Wednesday, March 13, 2013

Keeping the details alive

I see many videos of Serrada these days where people are doing things that Angel worked so hard to train me not to do, things like cocking a #1 strike back behind the shoulder, or reaching in with the check hand automatically in lock position at the end of techniques, or stepping into daga range on basic techniques.  Those are details I try so hard to pass along to my students so that Angel's insights don't simply disappear.  After all, he had reasons for ever inch of movement, and we went to train with Angel to gain his insights from real combative experience, so why would we ignore what he shared with us?

Most of those details should be familiar to direct students, certainly those from the 80's when Angel claimed to open up his teaching completely.  There are of course some variations between practitioners, based on skill and application in the moment, but overall the folks who were training during my time with Angel are technically very similar to how I was taught.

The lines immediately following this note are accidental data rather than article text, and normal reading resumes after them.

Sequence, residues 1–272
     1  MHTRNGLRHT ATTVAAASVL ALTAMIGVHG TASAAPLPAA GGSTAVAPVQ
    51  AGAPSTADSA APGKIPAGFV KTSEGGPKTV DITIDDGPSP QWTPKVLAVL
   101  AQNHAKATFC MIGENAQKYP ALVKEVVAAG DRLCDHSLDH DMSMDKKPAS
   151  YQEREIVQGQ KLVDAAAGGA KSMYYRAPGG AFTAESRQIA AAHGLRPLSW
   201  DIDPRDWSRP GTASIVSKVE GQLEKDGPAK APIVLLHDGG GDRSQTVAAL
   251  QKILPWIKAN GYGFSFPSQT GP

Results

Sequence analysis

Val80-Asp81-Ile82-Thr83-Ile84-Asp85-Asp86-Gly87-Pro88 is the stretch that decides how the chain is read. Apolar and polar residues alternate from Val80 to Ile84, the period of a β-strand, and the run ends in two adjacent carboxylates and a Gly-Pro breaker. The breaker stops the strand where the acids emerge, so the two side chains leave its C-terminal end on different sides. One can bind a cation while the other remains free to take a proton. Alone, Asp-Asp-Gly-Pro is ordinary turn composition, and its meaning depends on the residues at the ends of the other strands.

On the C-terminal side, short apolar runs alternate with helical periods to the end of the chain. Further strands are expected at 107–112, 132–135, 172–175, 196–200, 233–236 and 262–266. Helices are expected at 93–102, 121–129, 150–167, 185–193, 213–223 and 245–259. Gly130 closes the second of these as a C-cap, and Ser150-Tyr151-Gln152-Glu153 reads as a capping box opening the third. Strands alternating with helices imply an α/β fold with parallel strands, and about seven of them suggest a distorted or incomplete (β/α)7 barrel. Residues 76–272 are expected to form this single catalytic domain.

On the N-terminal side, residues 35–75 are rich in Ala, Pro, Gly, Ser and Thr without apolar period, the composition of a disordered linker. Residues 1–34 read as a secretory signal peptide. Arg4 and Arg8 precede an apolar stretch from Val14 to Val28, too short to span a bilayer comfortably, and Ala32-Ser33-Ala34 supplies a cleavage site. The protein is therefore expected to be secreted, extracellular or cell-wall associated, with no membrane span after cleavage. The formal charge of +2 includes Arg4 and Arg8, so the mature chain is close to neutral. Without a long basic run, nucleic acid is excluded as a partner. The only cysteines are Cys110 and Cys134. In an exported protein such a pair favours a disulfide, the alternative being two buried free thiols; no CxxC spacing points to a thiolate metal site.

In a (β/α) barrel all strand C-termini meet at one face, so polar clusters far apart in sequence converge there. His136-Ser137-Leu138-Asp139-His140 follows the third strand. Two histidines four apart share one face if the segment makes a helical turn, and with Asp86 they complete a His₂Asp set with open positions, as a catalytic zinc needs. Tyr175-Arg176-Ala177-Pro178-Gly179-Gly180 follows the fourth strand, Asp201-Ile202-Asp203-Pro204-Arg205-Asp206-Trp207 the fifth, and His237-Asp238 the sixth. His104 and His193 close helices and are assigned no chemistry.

Passing along a martial art is like the childhood game of telephone, where kids sit in a circle and pass along a message whispered from one to the next.  By the time the message goes full circle, it is often completely scrambled from the original.  This is common to many arts, and one reason why different lineages appear.  It's one thing to innovate and explore, making the art one's own, but it's another to lose sight of the original intent and practices.

I'm by no means saying I'm the sole repository of Angel's knowledge.  He taught many people, and some lessons may only have come from a specific question in a class or been shared with those whom he trusted.  This is why there is benefit in training with a variety of instructors.  That's one thing I really liked about Aikido training, that teachers would visit each others' schools and share their insights.  An arm bar is an arm bar, but there are different ways to make it effective, after all.  Still, Angel was as sharp and discerning a teacher as I've ever met, and it would be a pity if years from now the art bearing his name were to become something he would not recognize or acknowledge.

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